(also known as Stella Walsh)
Representing Poland
Track athletics
1930 Prague – 2 gold medals
1934 London – 1 gold medal, 2 silvers

Stella was one of the more famous female Olympic athletes in the early 20th century. I’ll direct you to this part of my 2018 “Around the World in Another 80 Gays” series in which I wrote about Stella Walsh’s career and controversy surrounding her gender. At the Women’s World Games Stella won 2 golds medals in 1930 in the 100m and 200m. In 1934 she won silver in both of these distances, but she won the gold medal in the 60m.

Zdeněk Koubek (1913-1986)

(competed as Zdena Koubková)
Representing Czechoslovakia
Track athletics and long jump
1934 London – 1 gold medal and 1 bronze

Koubek was one of Czechoslovakia’s most successful female athletes. Before his appearance at the Women’s World Games he held the Czech national titles in the 100 metres, 200 metres, 800 metres, high jump and long jump. It wasn’t unusual for female athletes of that time to compete in multiple disciplines, more so than male athletes. Koubek also held several world records before the 1934 games. He broke another while winning the 800 metres gold medal. He also won a bronze medal in the javelin throw.

Those 1934 games seem to have been Koubek’s last competitive appearance. He retired from athletics in 1935 and shortly afterwards began the process of transitioning. After its completion he courted publicity and interviews during 1936 before retiring to family life in Czechoslovakia with his new wife.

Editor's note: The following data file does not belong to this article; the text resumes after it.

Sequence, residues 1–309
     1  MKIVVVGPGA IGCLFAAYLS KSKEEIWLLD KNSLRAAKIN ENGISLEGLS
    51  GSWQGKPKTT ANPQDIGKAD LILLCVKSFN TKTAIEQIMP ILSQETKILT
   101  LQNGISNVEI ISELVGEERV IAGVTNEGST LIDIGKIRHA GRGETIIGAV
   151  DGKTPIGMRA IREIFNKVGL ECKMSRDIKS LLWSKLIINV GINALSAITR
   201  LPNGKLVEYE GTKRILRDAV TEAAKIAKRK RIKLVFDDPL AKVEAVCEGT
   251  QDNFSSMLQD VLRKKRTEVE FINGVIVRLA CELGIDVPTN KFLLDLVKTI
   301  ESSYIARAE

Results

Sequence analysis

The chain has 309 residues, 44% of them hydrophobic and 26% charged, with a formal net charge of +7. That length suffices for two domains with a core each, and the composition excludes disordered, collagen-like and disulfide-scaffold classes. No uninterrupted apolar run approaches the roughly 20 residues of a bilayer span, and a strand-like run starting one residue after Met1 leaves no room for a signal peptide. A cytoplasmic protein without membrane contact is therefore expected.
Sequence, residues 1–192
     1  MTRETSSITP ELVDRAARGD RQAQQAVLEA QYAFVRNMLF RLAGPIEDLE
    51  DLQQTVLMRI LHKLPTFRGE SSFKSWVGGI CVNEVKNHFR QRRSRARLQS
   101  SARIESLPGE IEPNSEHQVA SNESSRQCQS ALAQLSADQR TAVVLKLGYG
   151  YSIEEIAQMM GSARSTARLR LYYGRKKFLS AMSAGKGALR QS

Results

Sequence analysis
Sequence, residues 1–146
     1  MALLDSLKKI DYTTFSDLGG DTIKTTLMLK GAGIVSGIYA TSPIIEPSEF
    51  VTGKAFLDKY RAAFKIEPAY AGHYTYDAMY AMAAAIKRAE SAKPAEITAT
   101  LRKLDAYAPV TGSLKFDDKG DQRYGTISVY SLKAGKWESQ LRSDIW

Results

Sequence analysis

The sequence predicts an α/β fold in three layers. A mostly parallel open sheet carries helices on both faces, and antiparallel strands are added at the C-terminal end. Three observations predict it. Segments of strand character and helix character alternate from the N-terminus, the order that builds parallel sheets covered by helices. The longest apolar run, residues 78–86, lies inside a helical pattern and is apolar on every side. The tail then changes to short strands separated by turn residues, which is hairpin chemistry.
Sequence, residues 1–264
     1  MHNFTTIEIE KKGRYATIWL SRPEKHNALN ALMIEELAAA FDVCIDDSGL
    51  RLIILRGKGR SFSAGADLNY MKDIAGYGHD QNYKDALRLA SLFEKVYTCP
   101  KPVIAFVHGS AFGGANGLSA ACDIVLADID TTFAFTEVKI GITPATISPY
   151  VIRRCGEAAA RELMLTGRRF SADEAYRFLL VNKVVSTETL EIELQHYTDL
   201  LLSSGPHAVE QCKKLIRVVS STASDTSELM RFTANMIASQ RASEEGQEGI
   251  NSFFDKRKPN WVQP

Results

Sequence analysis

The last Women’s World Games in London were held from 9th to 11th August 1934 at the White City Stadium in London. Just six miles away on exactly the same dates the 2nd Commonwealth Games (then called the British Empire Games) were being held in Wembley Park.

Another athlete was almost certain to have competed at the 1934 Women’s World Games had the Commonwealth Games not taken place at the same time. I mentioned this athlete briefly in my piece about the Birmingham 2022 games last month. His name was Edwin Halstead (1907-1962). He was the UK’s top female javelin thrower, competing under the name of Edith Halstead, and at the 1934 games he won the silver medal.

As I said in that earlier article, very little is known about Edwin, so I used my genealogical skills to find out more. First, I needed to establish that Edwin and Edith Halstead were the same person. This is confirmed on the 1939 Register of England and Wales. As the war progressed the information was amended. Amendments were still being made in the 1980s when it was consigned to the National Archives. Below is the entry which proves Edith and Edwin Halstead are the same person. Edwin is living in Radcliffe, Lancashire, with his half-sister Eva Dawson.